Sunday, September 12, 2010

Nashville Chrome by Rick Bass


This fact-based historical novel tells the story of the country music singing sensations The Browns, who rocketed to fame, but not fortune, in the 1950s. The act consisted of two sisters and one brother, Maxine, Bonnie, and Jim Ed, a trio of siblings who grew up dirt poor in Arkansas during the Great Depression and were blessed with perfect pitch, which they honed on their father's backwoods sawmill, always identifying the exact moment when the saw was perfectly sharpened by the sound it made.

They were friends with the likes of Jim Reeves and Elvis, who courted the younger sister Bonnie. At the start of their career, they were taken advantage of by an unscrupulous agent, so they never received their fair share of the money their records and appearances earned.

After a few years of number one hits, their fame faded away, and the siblings went their separate ways and drifted into oblivion. Though Bonnie found happiness as the wife of a country doctor, and Jim Ed did well enough on his own and also found contentment in his personal life, the eldest sister Maxine grew old and frail always yearning for another chance at fame. Dreaming of a movie about herself and her famous siblings, she even goes without air conditioning for a month to pay for an advertisement hoping to interest a filmmaker in the project, but instead has to make do with a precocious young boy and his video camera instead of a big budget Hollywood biopic.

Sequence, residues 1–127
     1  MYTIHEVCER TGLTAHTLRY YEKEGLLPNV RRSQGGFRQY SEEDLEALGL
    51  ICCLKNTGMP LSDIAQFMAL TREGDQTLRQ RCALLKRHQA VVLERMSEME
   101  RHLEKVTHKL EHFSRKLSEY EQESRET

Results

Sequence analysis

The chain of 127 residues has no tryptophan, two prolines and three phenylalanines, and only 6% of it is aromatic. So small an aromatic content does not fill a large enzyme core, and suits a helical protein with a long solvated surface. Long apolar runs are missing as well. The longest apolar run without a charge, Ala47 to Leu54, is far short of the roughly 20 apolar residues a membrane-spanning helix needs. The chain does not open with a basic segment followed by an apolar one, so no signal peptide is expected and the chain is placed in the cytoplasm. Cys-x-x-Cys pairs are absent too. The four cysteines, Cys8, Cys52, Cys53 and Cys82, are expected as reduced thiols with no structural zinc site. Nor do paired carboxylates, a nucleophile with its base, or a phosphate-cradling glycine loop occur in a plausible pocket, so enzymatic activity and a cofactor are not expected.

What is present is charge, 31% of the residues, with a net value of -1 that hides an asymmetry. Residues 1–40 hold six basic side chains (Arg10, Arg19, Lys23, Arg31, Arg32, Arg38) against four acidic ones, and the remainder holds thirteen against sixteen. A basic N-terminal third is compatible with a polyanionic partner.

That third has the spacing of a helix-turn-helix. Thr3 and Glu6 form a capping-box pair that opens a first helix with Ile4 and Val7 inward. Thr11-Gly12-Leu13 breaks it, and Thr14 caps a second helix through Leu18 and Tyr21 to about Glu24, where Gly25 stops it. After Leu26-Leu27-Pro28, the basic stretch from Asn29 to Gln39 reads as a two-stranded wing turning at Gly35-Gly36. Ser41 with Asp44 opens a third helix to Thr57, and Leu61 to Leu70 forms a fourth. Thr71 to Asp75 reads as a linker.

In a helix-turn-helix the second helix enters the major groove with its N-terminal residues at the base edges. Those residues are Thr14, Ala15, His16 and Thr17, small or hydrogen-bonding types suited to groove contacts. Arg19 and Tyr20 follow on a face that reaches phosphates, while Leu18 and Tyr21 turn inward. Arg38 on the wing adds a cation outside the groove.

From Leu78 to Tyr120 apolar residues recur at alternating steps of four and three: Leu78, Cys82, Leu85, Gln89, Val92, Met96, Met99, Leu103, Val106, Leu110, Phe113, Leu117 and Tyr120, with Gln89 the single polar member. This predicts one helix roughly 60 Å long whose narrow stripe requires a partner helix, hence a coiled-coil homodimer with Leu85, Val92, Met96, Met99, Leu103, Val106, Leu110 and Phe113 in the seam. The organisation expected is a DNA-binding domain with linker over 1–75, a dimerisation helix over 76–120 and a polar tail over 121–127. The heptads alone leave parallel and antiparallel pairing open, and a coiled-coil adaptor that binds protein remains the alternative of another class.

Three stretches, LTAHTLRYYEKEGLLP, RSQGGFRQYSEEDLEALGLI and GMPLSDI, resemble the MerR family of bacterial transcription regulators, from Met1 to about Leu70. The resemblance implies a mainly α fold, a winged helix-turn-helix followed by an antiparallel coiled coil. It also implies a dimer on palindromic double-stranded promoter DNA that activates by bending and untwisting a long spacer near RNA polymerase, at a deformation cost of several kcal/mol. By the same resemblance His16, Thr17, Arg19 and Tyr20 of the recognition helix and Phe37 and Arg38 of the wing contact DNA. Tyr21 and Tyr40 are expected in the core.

This was an interesting novel to read, and I thank the publisher for sending me an Advance Readers' Copy, as it was a story I was unfamiliar with and might otherwise never have read as I am not a country music fan. I would recommend it to anyone interested in rags to riches stories about the fleeting nature of fame.

1 comment:

librarypat said...

The number of musicians who have been taken advantage of by agents is sad. Both Motown and Nashville had their share of managers who took advantage of young hopefuls gaining control of the rights to their songs and a large chunk of their profits. They would get rich on the royalties while these talented performers were often left in poverty.
Thanks ofr the review.